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Glad you're enjoying your new toy.  Lot's of fun lies ahead.  I went through a lot of growing pains too.  I'm still haven't hit puberty with the 1DC yet.  Interesting discovery that you made with Premiere and the footage.  Cheers.

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This may be the same problem: https://vitrolite.wordpress.com/2010/12/31/quicktime_gamma_bug/ . A faster solution (faster than real-time, can put into a script and fully automated) might be to rewrap out of the .mov container to .mp4/.avi to avoid the QuickTime decoder in PPro. Something like this:

ffmpeg -i <1DC file>.mov -vcodec copy -acodec copy <1DC file>.mp4

This will run very fast and can easily be scripted to process a whole directory. Much faster and easier than Resolve or any other method (if it works).

Can you upload a couple seconds of raw 1DC footage with banding?

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Resolve uses the GPU to render to ProRes, does ffmpeg? If not then it isn't faster, and if you want to transcode only a selection of clips in the directory, you'd have to list them out one by one on the command line or move the clips to their own directory... pain in the arse!

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Good suggestion jcs. That should be nearly instant btw because it's not re-compressing anything. Another thing to note is that a screengrab of the QuickTime player window might not accurately represent that file (I've heard lots of designers complain specifically about qt player). Save out a static to do a "fcheck" in something else, Photoshop etc.

"ffmpeg -ss 00:00:04 -i myfile.mov -t 1 -pix_fmt rgb24 myfile.tif" <= that will save out one frame 4 seconds into a clip as 8bit uncompressed rgb tiff. 

An open source fcheck utility: http://opensource.mikrosimage.eu/duke.html

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Thanks sunyata.

Andrew- using ffmpeg with 'copy' for both codecs will run as fast as copying the files- zero transcoding. Renaming <1DC file>.mov to <1DC file>.mp4 might also work (I used this trick before- might work here too).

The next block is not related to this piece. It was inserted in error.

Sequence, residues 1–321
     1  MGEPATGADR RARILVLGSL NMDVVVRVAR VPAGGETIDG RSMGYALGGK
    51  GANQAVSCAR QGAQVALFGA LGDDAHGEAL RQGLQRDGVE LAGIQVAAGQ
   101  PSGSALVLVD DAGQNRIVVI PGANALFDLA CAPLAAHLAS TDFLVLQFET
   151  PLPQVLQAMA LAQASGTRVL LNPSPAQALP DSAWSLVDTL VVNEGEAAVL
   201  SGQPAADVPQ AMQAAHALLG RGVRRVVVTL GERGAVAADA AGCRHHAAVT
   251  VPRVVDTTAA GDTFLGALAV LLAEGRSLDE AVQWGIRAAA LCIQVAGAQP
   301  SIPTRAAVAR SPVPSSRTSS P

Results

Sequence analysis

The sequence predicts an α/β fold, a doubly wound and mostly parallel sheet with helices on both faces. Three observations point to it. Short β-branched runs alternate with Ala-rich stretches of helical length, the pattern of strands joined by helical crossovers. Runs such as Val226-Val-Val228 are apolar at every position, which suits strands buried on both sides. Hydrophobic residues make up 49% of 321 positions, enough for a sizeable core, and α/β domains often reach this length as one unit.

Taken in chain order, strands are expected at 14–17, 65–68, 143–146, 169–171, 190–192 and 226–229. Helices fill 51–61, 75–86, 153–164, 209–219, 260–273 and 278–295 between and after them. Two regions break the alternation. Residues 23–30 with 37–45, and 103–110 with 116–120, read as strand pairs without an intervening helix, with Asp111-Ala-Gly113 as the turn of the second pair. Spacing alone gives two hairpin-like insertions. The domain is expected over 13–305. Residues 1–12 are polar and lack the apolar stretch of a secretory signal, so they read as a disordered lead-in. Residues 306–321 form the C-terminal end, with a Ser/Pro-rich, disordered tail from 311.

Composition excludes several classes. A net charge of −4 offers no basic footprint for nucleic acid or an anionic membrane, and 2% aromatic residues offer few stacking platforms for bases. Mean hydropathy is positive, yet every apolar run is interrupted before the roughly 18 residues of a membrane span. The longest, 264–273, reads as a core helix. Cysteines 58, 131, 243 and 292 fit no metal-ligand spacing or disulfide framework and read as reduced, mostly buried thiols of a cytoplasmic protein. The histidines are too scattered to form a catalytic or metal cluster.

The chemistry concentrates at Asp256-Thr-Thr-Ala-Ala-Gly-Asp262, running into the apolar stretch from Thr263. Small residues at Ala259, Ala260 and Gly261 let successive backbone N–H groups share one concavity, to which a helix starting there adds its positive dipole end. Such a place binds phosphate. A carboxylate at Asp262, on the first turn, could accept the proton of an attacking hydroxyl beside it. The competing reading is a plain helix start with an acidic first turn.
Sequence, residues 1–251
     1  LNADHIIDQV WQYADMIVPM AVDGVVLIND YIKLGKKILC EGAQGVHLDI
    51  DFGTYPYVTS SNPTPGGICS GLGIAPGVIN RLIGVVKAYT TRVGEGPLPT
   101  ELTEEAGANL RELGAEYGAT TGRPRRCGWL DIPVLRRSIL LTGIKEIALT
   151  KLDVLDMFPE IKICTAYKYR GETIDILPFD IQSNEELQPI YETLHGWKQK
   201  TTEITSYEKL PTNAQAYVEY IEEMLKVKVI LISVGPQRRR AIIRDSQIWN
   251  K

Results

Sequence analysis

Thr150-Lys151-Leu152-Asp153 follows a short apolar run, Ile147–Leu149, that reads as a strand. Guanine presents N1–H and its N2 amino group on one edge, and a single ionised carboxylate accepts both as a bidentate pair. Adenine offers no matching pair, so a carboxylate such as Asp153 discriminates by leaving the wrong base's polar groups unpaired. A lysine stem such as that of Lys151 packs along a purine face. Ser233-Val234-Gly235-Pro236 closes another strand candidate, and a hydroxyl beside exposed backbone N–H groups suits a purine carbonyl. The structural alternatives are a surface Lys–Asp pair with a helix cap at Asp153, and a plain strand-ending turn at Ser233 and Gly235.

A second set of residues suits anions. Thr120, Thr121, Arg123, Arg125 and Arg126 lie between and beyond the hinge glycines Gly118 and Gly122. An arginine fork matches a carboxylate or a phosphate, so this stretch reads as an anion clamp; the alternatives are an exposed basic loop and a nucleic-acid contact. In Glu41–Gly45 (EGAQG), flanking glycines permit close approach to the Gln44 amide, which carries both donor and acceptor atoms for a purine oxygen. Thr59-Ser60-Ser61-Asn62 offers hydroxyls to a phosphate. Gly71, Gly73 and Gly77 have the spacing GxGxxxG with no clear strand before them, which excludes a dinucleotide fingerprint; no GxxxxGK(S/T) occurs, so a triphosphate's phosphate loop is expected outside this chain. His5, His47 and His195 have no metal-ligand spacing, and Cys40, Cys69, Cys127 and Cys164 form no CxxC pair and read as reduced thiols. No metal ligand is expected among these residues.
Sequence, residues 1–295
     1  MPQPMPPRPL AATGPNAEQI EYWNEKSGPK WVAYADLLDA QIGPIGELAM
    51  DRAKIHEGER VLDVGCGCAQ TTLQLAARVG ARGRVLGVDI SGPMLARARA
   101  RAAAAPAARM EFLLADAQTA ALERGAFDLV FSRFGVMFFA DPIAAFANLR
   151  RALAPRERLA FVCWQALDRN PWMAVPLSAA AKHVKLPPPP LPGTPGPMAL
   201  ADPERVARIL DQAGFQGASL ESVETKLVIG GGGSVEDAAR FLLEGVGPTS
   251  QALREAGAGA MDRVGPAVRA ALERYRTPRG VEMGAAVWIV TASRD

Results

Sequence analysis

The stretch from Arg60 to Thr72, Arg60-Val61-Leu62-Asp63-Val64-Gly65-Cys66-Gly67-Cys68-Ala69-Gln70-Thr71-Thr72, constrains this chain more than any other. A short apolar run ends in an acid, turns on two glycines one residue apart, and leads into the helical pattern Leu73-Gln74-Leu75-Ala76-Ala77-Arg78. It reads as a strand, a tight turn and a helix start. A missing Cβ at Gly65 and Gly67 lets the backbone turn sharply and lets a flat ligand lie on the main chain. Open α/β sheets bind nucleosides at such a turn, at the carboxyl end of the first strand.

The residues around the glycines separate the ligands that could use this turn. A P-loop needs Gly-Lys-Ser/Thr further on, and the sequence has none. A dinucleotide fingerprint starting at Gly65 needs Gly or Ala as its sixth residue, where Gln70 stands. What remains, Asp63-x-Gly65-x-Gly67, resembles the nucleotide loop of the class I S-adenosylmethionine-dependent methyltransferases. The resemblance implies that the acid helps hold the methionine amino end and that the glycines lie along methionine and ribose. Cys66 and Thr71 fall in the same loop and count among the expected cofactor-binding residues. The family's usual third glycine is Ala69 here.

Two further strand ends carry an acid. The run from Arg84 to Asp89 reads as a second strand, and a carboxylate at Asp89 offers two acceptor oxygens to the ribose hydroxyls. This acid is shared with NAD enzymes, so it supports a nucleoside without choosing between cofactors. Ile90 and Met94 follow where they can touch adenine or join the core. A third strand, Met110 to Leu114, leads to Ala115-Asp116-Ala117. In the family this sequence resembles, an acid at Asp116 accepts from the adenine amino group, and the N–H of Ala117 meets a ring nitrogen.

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I heard about the file renaming technique and the stream copy. Whilst I think both of you for your suggestions and effort, unfortunately the approach doesn't work.

The 1D C needs to be ProRes (via Resolve) for you to edit it smoothly and for Premiere to not break the footage with a ton of banding.

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Does this happen on Windows? Hasn't OSX/Quicktime had gamma clipping problems like this for years?

​So far nothing to suggest it is the gamma issue. Black levels and brightness all normal, no clipping. The banding is a different thing. Will try on Windows version of Premiere CC and see how it goes.

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​So far nothing to suggest it is the gamma issue. Black levels and brightness all normal, no clipping. The banding is a different thing. Will try on Windows version of Premiere CC and see how it goes.

Normally you'd only see banding introduced on import if you applied a 3D LUT or downconverted 10bit to 8bit accidentally. My guess is that the banding is in the source and it's just being revealed in Premiere. To test you can render out a short unaltered clip uncompressed from Premiere (full range), then open back up in QT player and see if it looks the same as before. 

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Normally you'd only see banding introduced on import if you applied a 3D LUT or downconverted 10bit to 8bit accidentally. My guess is that the banding is in the source and it's just being revealed in Premiere. To test you can render out a short unaltered clip uncompressed from Premiere (full range), then open back up in QT player and see if it looks the same as before. 

Did that and it has the banding. Premiere is introducing it on export even at the highest quality setting.